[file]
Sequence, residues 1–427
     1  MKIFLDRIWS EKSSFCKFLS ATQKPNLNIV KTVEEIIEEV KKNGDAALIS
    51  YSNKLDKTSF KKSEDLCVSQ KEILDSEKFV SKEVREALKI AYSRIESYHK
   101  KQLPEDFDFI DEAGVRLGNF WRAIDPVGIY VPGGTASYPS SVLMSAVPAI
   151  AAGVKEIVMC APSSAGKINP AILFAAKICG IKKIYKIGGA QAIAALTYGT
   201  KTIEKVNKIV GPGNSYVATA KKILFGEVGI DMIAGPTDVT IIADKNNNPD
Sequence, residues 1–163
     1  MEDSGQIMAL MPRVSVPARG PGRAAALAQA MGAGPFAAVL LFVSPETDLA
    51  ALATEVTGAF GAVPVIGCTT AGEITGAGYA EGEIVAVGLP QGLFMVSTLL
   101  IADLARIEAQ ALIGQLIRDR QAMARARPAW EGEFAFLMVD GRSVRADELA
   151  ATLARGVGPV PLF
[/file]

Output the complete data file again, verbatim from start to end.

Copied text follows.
Sequence, residues 1–427
     1  MKIFLDRIWS EKSSFCKFLS ATQKPNLNIV KTVEEIIEEV KKNGDAALIS
    51  YSNKLDKTSF KKSEDLCVSQ KEILDSEKFV SKEVREALKI AYSRIESYHK
   101  KQLPEDFDFI DEAGVRLGNF WRAIDPVGIY VPGGTASYPS SVLMSAVPAI
   151  AAGVKEIVMC APSSAGKINP AILFAAKICG IKKIYKIGGA QAIAALTYGT
   201  KTIEKVNKIV GPGNSYVATA KKILFGEVGI DMIAGPTDVT IIADKNNNPD
Sequence, residues 1–163
     1  MEDSGQIMAL MPRVSVPARG PGRAAALAQA MGAGPFAAVL LFVSPETDLA
    51  ALATEVTGAF GAVPVIGCTT AGEITGAGYA EGEIVAVGLP QGLFMVSTLL
   101  IADLARIEAQ ALIGQLIRDR QAMARARPAW EGEFAFLMVD GRSVRADELA
   151  ATLARGVGPV PLF